Episcopal Diocese of Maryland

The Road to Camp Amazing Grace

By Val Hymes

The first week-long Episcopal camp for children of prisoners was created in the Diocese of Rio Grande in 1995. The Rev. Jackie Means, director of prison ministry for the Episcopal Church, issued a challenge: “We must do something for the children. A high percentage of them will someday be incarcerated. We must break the cycle.”

The Rev. Steven R. Caldwell, took the challenge and the week-long Camp Grace was founded. “To our utter amazement,“ he said, “attitudes and behaviors do get altered in that brief time. Campers are surprised to discover that our love for them is unconditional."

Since then, as many as 27 dioceses have started camps or have explored the possibility and many of them have expanded their ministries year-round for the children.

In 1998, the Maryland Diocesan Convention created the Prison Ministry Task Force, co-chaired by the Rev. Mimi Mathews and the Rev. Phebe McPherson and coordinated and directed by Val Hymes. In 2005, Means addressed the Convention and pressed the task force to create a camp in Maryland. She urged the Rev. Eddie Blue – who was, years before, a counselor at a camp she served as a nurse – to become director. The Rev. William H.C. Ticknor agreed to be the first chaplain.

Camp Amazing Grace opened in 2006 at the Bishop Claggett Center in the hills of Western Maryland near Frederick.

The children, 8 to 12, were recommended mainly by mothers imprisoned at the Maryland Correctional Institution for Women. Other children’s names came from parishes, clergy, Girl Scouts Inside Prisons and word of mouth.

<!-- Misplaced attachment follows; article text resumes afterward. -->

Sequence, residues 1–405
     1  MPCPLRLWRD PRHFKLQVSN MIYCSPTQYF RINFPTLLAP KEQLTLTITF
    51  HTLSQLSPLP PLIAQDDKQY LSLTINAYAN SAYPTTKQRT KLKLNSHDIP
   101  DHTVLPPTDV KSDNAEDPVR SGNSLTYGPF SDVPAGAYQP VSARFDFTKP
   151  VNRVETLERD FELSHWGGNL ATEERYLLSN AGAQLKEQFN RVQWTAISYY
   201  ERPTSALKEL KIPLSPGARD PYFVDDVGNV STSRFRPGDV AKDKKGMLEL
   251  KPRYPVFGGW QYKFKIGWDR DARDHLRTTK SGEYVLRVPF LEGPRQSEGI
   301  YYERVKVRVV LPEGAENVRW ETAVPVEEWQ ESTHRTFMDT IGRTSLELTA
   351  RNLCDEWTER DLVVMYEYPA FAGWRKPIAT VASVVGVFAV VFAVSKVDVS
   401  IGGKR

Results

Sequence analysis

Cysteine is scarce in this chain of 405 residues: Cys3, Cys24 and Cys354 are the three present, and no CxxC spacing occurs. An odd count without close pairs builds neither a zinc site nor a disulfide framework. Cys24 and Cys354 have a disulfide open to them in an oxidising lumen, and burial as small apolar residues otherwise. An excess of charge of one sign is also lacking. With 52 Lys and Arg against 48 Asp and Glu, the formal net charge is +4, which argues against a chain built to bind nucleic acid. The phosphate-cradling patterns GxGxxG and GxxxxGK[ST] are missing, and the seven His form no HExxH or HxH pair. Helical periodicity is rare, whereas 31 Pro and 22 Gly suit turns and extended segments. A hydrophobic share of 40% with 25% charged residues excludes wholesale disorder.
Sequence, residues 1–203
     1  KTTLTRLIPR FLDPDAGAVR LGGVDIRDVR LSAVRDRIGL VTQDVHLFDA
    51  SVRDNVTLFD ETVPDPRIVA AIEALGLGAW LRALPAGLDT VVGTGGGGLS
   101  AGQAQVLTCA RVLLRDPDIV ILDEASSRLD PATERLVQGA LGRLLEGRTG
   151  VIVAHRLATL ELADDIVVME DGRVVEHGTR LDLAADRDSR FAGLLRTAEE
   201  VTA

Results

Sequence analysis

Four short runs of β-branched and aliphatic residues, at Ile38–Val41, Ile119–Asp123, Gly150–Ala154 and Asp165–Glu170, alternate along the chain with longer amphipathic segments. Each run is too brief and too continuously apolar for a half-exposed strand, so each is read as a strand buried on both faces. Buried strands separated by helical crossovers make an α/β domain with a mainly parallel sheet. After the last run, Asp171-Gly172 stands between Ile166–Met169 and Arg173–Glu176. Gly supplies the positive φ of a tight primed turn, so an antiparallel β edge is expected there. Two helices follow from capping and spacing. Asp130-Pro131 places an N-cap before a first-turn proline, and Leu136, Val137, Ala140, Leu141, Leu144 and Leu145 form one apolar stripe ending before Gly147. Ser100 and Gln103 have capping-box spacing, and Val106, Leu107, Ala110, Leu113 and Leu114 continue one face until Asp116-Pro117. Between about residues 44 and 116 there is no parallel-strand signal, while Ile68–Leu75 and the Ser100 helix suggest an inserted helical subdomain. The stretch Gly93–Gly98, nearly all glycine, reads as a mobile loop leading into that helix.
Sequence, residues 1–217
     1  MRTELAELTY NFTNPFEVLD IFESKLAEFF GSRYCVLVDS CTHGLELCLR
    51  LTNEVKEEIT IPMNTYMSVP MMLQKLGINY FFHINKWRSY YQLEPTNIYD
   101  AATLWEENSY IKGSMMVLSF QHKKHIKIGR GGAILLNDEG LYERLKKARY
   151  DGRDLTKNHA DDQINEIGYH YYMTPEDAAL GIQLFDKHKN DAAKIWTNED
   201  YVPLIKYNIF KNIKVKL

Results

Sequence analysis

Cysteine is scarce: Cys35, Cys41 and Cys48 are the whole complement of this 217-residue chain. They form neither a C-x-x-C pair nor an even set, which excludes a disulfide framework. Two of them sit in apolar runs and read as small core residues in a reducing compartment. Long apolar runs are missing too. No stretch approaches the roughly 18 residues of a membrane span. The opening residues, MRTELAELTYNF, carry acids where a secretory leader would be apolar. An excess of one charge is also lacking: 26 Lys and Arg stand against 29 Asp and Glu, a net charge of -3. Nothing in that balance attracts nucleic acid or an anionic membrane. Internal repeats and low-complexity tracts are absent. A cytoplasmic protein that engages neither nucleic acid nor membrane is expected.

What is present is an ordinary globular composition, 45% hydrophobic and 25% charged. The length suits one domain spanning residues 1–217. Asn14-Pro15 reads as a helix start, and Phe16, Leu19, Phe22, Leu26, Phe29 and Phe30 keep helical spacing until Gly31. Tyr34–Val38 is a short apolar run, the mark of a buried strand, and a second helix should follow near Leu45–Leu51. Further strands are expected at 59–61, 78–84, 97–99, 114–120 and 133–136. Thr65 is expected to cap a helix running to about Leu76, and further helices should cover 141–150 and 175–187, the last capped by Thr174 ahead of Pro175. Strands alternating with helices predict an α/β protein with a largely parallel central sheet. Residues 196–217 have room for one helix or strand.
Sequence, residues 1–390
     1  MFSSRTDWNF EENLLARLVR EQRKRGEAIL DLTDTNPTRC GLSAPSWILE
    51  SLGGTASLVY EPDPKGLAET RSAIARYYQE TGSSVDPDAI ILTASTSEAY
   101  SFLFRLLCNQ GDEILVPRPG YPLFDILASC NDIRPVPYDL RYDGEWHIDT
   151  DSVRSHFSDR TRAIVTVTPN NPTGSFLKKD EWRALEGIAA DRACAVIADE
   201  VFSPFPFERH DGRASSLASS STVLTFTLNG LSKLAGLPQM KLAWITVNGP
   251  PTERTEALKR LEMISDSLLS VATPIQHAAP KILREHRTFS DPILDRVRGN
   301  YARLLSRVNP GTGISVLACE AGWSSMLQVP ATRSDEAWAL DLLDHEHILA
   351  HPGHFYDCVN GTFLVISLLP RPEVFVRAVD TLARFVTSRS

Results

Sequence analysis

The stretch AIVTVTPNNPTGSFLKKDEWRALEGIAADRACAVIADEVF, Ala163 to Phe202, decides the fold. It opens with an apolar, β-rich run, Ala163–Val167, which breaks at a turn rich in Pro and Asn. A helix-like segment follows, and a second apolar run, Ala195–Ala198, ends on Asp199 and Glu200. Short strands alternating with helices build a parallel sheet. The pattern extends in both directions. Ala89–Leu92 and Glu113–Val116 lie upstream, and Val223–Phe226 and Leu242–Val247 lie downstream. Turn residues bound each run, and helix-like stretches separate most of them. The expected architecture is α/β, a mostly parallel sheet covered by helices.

Linda Rines of St. James’ Parish, Lothian, was director for the second camp in 2007 that hosted 29 children. Deacon Patrick Arey was director for the 2008 camp with 21 children. Will Pass of the Cathedral of the Incarnation directed the camp for 22 children in 2009. Rick Conover, St. John's, Ellicott City, joined him to co-direct camp for 17 children in 2010, and Maria Robinson- Conaway served as executive director of the 2011 camp for 24 children.

Themes for the camps have ranged from "Journey to Friendship Island," "Yes I Can" and “Make a Joyful Noise” to “I Can Make a Change” and "The Best I Can Be."

Robinson-Conaway, a retired social services employee, retained her leadership position in 2012, working to plan for the August 13-17 camp and Camp Amazing Grace Forward, a year-round program. The first such event, Friends and Family Day at the Claggett Center, was held in the fall.

A fundraising art auction was planned for April. Expenses for the free camp and reunions average about $20,000 annually. The money has been raised through foundation and corporation grants, small donors, parishes and the Bishops Appeal.

In the last three years, because of sufficient donations for scholarships, some of the “graduates” have been able to attend Claggett camps for older children. Robinson-Conaway was exploring a joint camp experience as 2012 opened.